Our dogs are our family and we never want them to experience pain or discomfort, but at the same time, letting go can be equally difficult.
No matter how hard it is to say goodbye, you must always put your dog’s quality of life first. Heart failure can affect dogs in many different ways and in varying degrees of severity. So, when is the right time to euthanize a dog with heart failure?
Heart failure in dogs
Heart failure is the term given when the heart is no longer performing effectively. This means the heart is not pumping the required amount of blood for the dog’s other organs to function normally.
As the condition progresses, blood will start to accumulate in other areas of the body such as the stomach or the lungs. This puts the dog at high risk of hemorrhage and other serious complications.
Symptoms of congestive heart failure include:
- Weakness during physical exertion, especially where the dog may previously have been fit and active.
- Gum changing from pink to greyish-blue, suggesting poor blood circulation.
- Fainting or collapse
- Increased heart rate and blood pressure
- Weight loss
- Abdominal swelling caused by a build-up of blood in the stomach
- Chronic cough, more frequent during the night or after getting up from a lying or sitting position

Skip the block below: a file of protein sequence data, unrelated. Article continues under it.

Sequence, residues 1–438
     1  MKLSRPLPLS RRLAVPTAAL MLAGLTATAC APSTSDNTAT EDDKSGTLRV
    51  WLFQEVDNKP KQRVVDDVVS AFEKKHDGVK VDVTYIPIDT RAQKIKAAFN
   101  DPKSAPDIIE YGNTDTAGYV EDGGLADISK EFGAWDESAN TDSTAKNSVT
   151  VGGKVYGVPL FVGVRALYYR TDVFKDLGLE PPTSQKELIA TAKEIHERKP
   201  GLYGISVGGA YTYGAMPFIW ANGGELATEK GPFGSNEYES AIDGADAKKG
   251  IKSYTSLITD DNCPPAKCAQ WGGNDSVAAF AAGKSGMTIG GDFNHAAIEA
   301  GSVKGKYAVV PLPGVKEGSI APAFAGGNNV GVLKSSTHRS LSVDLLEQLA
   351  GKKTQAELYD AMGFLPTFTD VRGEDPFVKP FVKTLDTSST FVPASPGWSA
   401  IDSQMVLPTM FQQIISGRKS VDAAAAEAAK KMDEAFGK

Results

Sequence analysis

- Obvious discomfort in the chest
- Breathing difficulties
Dog heart failure when to euthanize
Choosing the right time to put your dog down can be overwhelming, but your veterinarian can guide you through the process. If your dog is suffering chronic symptoms of heart failure and their quality of life is low, then it may be time to euthanize your dog.
Conditions that cause canine heart failure
There are many conditions of the body that may bring about heart failure, some more common than you might think. This is why there are so many possible symptoms that a dog with heart failure may experience.
Treating heartworm is vital to prevent your dog from developing heart failure. Heartworm is a disease spread by mosquitoes. They carry heartworm larvae which are transmitted to the dog when the mosquito bites. The larvae migrate through the dog’s body towards the heart, where they continue to grow. Heartworms can reach lengths up to 12 inches, quickly overwhelming the heart and blocking the blood vessels. Left untreated, heartworm is fatal.
This condition causes the walls of the left ventricle in the heart to weaken over time. The left ventricle is the chamber with the thickest walls as it pumps blood out of the heart and around the body. Due to this weakness, the heart cannot pump blood effectively.
This is an infection of the heart valve caused by bacteria in the bloodstream. The bacteria may come from an infection, abscess or skin wound in another part of the body. Large breeds and older dogs are more susceptible to this condition, particularly Rottweilers, German Shepherds, Labradors and Golden Retrievers. It is also more commonly seen in males.